Bjørn details battle with depression in new book

On the outside, Denmark’s most successful golfer ever, Thomas Bjørn, looked in full control as he steered the European team to a stunning win at the 2018 Ryder Cup, however, on the inside he was battling the demons of depression.

“I think you hide from it,” said the 48-year-old about mental health.

Mind Game Mind Game (Credit: Penguin)

“When you’re a young man you hide your feelings. You keep pushing it away until you can’t do it any more. I finally realised I had to get everything out.”

“I had to have those conversations with myself in the mirror. I had to be so honest and strip things bare. When I went through it the second time I was receptive to my feelings, to building myself up again.”

Bjørn opens up about his ongoing battles with mental health in a new book, co-written with Michael Calvin, called Mind Game alongside some of the men he helmed in the Ryder Cup including Justin Rose, Tommy Fleetwood and Henrik Stenson.

“I was close to giving up the game,” Bjørn says. “In the end it’s almost like I didn’t want to get up in the morning. This happens because the problems you see in your head are so much bigger than they are in reality. They take over your mind.”

“You can ask all the people in the world but in the end, if your mind doesn’t respond, all of that is just noise. You need to take responsibility for what you’re thinking.”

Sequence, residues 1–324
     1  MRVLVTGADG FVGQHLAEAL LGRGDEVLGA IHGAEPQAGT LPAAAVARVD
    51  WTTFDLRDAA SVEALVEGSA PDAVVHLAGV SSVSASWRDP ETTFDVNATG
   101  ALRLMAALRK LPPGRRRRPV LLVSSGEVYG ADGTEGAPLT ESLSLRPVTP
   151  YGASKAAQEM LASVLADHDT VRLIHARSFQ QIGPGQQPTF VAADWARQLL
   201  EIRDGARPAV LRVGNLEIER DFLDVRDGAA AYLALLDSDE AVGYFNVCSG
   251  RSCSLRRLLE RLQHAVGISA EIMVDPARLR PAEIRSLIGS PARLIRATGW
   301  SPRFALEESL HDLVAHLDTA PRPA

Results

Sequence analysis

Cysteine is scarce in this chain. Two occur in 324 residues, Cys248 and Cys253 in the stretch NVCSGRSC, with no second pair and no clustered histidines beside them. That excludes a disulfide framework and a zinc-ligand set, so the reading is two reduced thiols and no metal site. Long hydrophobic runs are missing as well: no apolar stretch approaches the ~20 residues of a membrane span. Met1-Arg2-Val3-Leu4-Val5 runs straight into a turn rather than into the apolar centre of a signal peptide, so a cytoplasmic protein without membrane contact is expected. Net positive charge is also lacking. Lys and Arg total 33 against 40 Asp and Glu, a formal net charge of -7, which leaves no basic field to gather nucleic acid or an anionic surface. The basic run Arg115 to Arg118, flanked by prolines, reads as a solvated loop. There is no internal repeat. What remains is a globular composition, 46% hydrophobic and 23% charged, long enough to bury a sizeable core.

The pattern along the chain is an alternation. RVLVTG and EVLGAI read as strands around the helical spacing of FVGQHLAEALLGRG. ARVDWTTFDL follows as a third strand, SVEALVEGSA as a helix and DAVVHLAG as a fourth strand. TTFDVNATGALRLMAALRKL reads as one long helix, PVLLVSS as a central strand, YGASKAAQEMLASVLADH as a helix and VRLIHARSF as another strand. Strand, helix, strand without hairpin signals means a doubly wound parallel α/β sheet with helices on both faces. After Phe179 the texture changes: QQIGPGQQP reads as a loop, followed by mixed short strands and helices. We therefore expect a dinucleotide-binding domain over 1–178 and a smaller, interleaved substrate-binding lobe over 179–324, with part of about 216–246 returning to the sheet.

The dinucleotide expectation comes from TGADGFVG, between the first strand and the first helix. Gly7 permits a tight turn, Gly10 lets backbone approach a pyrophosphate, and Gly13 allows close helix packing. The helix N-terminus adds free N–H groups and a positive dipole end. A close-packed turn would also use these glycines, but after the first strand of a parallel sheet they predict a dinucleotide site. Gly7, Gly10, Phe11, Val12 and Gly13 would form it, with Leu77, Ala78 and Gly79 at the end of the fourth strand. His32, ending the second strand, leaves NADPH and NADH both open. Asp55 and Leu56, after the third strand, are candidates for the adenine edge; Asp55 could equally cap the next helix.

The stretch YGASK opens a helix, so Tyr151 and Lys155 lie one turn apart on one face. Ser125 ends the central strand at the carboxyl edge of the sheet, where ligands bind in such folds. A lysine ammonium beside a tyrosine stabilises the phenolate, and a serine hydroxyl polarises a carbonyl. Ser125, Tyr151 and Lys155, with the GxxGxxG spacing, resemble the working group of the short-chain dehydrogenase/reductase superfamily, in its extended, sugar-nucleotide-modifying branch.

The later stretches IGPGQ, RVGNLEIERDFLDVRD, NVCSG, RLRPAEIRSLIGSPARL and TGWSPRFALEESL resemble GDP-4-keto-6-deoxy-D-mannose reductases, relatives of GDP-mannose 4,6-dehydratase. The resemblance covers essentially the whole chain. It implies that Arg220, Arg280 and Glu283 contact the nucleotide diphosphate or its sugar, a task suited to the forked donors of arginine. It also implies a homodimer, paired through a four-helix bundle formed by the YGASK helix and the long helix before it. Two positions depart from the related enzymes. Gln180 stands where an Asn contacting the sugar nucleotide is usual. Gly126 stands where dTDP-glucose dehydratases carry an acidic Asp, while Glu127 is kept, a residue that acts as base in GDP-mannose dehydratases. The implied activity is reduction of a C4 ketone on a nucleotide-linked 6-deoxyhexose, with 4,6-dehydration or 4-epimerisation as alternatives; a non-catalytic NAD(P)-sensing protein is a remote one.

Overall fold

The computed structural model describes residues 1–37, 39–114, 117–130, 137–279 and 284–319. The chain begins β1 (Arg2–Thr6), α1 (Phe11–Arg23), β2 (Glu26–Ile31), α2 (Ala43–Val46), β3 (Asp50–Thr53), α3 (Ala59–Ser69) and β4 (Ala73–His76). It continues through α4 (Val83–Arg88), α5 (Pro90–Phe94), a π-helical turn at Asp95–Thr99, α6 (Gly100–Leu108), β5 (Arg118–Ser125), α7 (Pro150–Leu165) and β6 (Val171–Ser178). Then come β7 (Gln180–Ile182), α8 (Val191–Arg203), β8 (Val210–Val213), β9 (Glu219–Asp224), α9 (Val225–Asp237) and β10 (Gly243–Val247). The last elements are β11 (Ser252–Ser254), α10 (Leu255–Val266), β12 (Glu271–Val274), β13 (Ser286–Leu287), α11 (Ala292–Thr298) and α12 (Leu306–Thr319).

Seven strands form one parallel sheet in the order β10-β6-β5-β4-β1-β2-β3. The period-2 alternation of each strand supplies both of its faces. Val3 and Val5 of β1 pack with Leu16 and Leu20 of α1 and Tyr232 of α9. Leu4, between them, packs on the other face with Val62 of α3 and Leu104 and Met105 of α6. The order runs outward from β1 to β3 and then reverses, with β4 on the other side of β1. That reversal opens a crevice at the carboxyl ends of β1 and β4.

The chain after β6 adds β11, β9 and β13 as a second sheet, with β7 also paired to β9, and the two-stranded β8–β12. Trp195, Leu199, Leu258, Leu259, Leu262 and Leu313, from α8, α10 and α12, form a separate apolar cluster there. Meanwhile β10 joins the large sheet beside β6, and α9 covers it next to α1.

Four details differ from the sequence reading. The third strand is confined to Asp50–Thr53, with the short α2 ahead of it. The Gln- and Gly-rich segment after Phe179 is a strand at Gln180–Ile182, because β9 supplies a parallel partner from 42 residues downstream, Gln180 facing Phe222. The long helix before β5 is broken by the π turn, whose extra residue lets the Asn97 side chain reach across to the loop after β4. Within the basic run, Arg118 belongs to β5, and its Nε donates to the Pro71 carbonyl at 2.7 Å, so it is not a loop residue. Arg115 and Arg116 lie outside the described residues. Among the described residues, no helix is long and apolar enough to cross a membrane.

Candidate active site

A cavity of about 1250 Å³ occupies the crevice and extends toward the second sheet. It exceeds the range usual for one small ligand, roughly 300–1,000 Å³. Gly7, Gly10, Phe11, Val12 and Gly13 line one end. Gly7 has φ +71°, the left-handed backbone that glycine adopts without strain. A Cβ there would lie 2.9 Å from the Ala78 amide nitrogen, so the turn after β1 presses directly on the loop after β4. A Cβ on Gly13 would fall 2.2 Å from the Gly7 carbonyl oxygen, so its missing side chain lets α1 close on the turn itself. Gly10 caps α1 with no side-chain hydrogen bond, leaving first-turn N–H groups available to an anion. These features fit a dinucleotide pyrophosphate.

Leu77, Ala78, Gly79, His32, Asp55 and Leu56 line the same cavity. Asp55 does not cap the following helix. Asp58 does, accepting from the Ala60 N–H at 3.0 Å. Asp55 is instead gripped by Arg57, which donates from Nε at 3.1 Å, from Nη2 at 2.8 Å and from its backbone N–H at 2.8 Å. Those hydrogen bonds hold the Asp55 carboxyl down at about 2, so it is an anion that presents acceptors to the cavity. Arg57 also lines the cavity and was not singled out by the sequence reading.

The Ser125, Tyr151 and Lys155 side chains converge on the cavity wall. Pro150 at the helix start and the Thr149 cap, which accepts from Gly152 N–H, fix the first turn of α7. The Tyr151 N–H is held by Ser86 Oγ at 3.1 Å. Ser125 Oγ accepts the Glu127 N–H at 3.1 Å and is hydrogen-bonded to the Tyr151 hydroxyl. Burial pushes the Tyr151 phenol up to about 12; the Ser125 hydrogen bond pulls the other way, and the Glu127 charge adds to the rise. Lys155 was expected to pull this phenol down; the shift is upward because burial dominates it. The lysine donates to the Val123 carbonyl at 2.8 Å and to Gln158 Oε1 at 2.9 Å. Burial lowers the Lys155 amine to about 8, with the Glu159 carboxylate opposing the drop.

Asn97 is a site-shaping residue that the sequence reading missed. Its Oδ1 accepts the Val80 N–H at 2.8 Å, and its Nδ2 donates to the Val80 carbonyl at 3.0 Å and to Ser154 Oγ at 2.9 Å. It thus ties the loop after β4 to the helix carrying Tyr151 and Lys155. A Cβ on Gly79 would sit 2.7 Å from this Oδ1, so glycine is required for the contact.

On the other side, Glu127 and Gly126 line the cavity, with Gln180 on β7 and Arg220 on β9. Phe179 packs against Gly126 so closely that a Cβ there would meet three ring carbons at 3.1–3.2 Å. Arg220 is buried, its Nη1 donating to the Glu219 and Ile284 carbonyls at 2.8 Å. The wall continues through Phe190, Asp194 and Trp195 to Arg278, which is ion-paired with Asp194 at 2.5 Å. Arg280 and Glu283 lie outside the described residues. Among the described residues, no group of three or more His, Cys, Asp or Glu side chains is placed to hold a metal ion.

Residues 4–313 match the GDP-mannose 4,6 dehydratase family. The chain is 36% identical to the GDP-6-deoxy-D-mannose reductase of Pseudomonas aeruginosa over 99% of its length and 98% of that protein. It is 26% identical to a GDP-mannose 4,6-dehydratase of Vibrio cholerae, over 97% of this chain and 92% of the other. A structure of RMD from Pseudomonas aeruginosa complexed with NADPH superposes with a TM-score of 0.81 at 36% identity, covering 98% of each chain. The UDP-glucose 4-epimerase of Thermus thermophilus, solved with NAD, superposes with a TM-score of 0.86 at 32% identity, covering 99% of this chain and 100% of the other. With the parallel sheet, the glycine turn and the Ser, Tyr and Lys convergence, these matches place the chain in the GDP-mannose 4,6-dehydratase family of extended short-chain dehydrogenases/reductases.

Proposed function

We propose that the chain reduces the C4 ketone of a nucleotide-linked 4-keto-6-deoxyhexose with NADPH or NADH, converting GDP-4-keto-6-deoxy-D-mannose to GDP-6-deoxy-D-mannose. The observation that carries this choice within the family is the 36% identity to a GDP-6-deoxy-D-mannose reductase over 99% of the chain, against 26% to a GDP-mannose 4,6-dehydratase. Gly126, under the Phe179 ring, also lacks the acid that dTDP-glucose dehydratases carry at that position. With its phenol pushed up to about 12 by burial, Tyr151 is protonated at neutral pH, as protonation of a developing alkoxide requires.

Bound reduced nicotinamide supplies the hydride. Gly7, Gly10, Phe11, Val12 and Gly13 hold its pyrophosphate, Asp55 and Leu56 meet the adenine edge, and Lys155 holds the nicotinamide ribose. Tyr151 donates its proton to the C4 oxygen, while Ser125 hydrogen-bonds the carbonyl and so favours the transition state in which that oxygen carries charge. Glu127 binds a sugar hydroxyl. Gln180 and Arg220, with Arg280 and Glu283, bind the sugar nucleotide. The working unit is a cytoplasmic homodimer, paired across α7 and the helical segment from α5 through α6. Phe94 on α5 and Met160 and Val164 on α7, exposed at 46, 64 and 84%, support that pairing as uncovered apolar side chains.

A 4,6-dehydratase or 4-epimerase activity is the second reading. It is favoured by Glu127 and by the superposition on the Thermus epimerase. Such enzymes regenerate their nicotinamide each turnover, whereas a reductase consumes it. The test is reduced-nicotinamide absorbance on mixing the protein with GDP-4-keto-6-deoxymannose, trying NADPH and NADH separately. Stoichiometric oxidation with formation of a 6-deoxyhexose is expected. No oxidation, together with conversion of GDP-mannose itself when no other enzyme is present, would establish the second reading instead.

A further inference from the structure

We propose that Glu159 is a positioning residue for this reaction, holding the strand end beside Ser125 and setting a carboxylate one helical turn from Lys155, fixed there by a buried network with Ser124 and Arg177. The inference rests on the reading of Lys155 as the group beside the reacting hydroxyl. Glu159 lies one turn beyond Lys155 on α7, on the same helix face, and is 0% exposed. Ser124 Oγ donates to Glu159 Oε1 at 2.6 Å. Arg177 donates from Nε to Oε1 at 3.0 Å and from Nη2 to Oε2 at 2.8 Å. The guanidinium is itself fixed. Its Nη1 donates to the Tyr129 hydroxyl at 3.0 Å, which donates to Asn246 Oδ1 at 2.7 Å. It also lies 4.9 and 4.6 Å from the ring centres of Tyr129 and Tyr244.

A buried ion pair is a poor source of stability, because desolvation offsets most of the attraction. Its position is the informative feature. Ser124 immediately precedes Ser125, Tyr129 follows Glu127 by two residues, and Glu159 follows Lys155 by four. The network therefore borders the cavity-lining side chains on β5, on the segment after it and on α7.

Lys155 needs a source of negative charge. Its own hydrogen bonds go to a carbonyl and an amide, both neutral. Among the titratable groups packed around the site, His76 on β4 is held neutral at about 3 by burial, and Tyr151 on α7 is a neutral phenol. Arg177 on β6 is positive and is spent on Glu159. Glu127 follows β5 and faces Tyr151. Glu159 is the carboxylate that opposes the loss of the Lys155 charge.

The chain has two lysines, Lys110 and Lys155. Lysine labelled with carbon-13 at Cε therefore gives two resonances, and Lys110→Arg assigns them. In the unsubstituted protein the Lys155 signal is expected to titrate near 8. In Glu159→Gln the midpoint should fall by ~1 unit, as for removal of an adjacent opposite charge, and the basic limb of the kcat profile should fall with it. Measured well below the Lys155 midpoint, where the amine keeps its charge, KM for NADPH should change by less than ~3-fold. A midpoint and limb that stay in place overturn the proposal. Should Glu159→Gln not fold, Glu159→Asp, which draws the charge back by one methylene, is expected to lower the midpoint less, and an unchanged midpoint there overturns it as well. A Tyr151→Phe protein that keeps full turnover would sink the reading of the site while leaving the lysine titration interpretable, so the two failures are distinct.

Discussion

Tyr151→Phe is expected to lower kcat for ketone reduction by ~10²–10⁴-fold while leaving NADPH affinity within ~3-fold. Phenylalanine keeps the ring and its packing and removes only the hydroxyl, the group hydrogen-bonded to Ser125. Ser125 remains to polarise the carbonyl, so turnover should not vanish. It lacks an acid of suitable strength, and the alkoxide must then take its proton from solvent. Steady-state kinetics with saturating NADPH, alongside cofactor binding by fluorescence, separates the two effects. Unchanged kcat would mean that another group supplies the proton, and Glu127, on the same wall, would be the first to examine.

“It’s like trying to quit smoking. If you don’t want to stop smoking, you can have all the help in the world and it’s not going to get you there. But then you wake up one morning and you’re coughing so much, and feeling so crap, you decide: ‘I have to beat this.’ You need to want to do it.”

Despite its outward appearance, golf mostly comes down to what’s in between your ears. There are innumerable players who have technically perfect swings, who fail when the pressure is on.

Golf almost broke Bjørn however he is now more at peace with the game and with himself.

“I used to blame the game for how I was feeling. But you end up hating golf because it’s easy to hate. It’s like hating a government because it’s easy to blame somebody else. But this is your life and you can turn it around. It’s not the game’s fault. I am happy I found a way to learn to love the game, and life, again.”